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dc.contributor.advisorSzpunar, Jerzy A.en_US
dc.contributor.advisorSzpunar, Barbaraen_US
dc.creatorSiripurapu, Ravi Kiranen_US
dc.date.accessioned2014-01-21T19:01:27Z
dc.date.available2014-01-21T19:01:27Z
dc.date.created2013-10en_US
dc.date.issued2013-11-14en_US
dc.date.submittedOctober 2013en_US
dc.identifier.urihttp://hdl.handle.net/10388/ETD-2013-10-1264en_US
dc.description.abstractMolecular dynamics (MD) simulations were used in order to investigate structure and mechanical properties of zirconium and zirconium hydride. Calculation of temperature dependent failure of zirconium, diffusion of hydrogen in zirconium, properties of interfaces in zirconium and zirconium hydride and effect of hydrogen on crack nucleation and propagation were in good agreement with available experimental data. These are the first computer simulations where large-scale atomic/molecular massively parallel simulator (LAMMPS) code was used with the Embedded Atom Method (EAM) and Modified Embedded Atom Method (MEAM) to study structure and mechanical properties of zirconium hydrogen system (Zr-H) and zirconium hydride (ZrH2). Verification of methods was done in order to establish the best potential for zirconium and zirconium hydride. EAM and MEAM potentials successfully predicted lattice parameters, mechanical properties and variation of lattice parameters with temperature for α-Zr. MEAM potential was used to predict correctly the face centered structure for ZrH2 and also its mechanical properties. Temperature dependent stress-strain curves were calculated in order to predict yielding point for α-Zr. Results indicate early yielding and failure with increase of temperature in zirconium on application of tensile and compressive strains. Anisotropic stress variation with temperature in α-Zr was calculated. Hydrogen ingress through diffusion of hydrogen in zirconium is a mechanism responsible for formation of hydrides. Temperature-dependent hydrogen diffusion and activation energy for diffusion was calculated and the agreement with experiments was satisfactory. Anisotropy of diffusion of hydrogen is observed for Zr crystal. Hydrogen diffusion was also modeled under tensile and compressive strain and a possible formation of hydrides in the direction perpendicular to applied strain was observed. The effect of strain on orientation of hydride was investigated. Hydride {111} oriented crystal was strained along [1 1 ̅ 0] and [111] direction. Energy as a function of strain is calculated along both directions [111] and [1 1 ̅ 0] and it was found that energy of the system increase with increase in strain along [1 1 ̅ 0] and decrease with increase of strain along [111] direction. Calculated stress and strain curves indicate lower stresses along [111] direction and this causing the hydride to reorient in a direction perpendicular to applied strain. Structure of the interface (0 0 0 1) α-Zr // {1 1 1} δ-ZrH2 is modeled in order to investigate the crack initiation at this interface. Interfacial cracking of hydride under stress is observed. This observation is in good agreement with available experimental studies. Cracks are seen to nucleate earlier at higher temperature. Cracks and voids are common defects in zirconium fuel cladding. A crack is modeled along (0 0 0 1) plane of zirconium with hydrogen. In the presence of hydrogen cracks nucleate in zirconium causing fracture. This observation is in good agreement with previous experimental studies. Bonds surrounding atoms and stress concentration analysis were performed using OVITO and VMD software’s respectively. Weaker bonds and higher stress concentrations are observed in the presence of hydrogen in zirconium. The presented results clearly demonstrate that MD simulation can be used to predict structure and processes that are important for understanding failure in Zr based nuclear materials.en_US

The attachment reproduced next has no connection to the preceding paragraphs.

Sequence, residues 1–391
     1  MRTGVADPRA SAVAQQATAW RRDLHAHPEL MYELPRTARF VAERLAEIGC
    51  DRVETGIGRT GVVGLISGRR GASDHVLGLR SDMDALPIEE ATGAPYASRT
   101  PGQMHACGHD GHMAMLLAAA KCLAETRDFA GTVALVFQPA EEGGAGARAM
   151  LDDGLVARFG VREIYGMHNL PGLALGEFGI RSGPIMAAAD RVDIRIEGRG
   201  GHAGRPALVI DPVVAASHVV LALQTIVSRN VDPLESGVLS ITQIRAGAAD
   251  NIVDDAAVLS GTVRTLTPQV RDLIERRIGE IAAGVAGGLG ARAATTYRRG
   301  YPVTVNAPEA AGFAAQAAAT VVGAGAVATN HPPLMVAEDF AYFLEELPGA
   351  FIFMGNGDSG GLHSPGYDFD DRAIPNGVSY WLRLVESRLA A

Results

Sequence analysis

dc.language.isoengen_US
dc.subjectMolecular Dynamics, Zirconium, Zirconium hydride, EAM, MEAMen_US
dc.titleMolecular Dynamics Study of Zirconium and Zirconium Hydrideen_US
thesis.degree.departmentMechanical Engineeringen_US
thesis.degree.disciplineMechanical Engineeringen_US
thesis.degree.grantorUniversity of Saskatchewanen_US
thesis.degree.levelMastersen_US
thesis.degree.nameMaster of Science (M.Sc.)en_US
dc.type.materialtexten_US
dc.type.genreThesisen_US
dc.contributor.committeeMemberAkindele, Odeshi G.en_US
dc.contributor.committeeMemberZhang, Chrisen_US
dc.contributor.committeeMemberMoewes, Alexanderen_US


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